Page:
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Facebook might be planning a streaming box for your TV that watches you back

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By Kris Wouk


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Facebook's recently unveiled Portal video calling device.

People don’t trust Facebook as much as they used to, but that doesn’t seem to be slowing the company down when it comes to its push to put as many of its ads in your face as possible. Even as reports that the company’s Portal devices collect your data to target ads to you continue to surface, the company is hard at work on a piece of hardware designed to work with your TV that would bring the same functionality — complete with a built-in camera — into your living room, Cheddar reports.

Just as Facebook’s Portal devices are designed to compete with Amazon’s Echo Show, the device, which is code-named Project Ripley, according to Cheddar’s sources, is aimed at competing with devices like Amazon’s Fire TV, the Roku, and Google’s Chromecast. The difference with this device is that it would reportedly add video-calling functionality to your TV. Think Back to the Future Part II, only with even more advertising.

Unlike traditional streaming media devices, Project Ripley would promote trending social media content as well as Facebook’s own Facebook Watch and IGTV services. Considering Facebook’s traditionally aggressive advertising, it’s easy to imagine that this device would bring ads to your home as well.

Perhaps this is how some people actually want their TV viewing experience to be, but given the recent controversy around Portal devices, it’s likely that privacy would be an issue for many potential customers. For most people, the living room is a place to relax at the end of the day. It might be a social space as well, but this is more in the traditional “invite people into your home” sense, not the internet-style “everything you do is public” sense. Especially in the aftermath of the Cambridge Analytica scandal, people could be understandably suspicious about such a device.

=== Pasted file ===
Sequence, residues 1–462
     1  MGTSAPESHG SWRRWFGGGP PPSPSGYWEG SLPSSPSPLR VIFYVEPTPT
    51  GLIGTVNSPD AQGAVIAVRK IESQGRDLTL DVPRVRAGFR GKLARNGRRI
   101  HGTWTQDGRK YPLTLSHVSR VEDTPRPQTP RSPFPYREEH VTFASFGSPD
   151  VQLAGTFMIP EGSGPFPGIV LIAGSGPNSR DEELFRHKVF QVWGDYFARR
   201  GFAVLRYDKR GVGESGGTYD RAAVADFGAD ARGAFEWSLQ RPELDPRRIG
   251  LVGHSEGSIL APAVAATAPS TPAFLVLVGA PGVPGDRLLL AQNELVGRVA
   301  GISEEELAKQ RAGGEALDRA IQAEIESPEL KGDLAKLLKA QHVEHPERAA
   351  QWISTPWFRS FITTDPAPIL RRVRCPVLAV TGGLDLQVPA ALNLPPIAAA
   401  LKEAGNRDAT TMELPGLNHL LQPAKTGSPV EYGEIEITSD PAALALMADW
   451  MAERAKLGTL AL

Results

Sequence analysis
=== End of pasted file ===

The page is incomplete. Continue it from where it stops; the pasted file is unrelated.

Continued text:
It doesn’t even have to be Facebook that you’re worried about. Smart TVs have proved in the past to be hackable, with intruders being able to gain access to the mic in some TVs, and even the little-used cameras that companies like Samsung have used before. With this device, users could essentially be putting another window into their living room and hoping that nobody finds a way to open it when they’re not looking.

Facebook has not commented on this, so for now, this remains a rumor. Given the company’s recent projects, it certainly seems possible that the company could be working on a device like Project Ripley, but whether it will ever become an actual product the company hopes to sell remains to be seen. In the meantime, if you’re looking for a streaming media player that just plays back your content, take a look at our list of the best streaming boxes you can buy.

Updated on October 17: Added information on past smart TV hacks and how this device could potentially be vulnerable to the same types of attacks.


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